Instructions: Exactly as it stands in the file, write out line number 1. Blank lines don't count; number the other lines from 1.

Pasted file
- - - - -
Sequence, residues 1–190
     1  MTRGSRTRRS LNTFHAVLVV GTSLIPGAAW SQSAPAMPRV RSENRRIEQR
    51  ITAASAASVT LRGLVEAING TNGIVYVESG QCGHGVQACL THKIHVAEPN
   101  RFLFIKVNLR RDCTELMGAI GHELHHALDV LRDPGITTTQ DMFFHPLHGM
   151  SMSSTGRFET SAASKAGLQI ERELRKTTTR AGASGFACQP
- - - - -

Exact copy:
Sequence, residues 1–190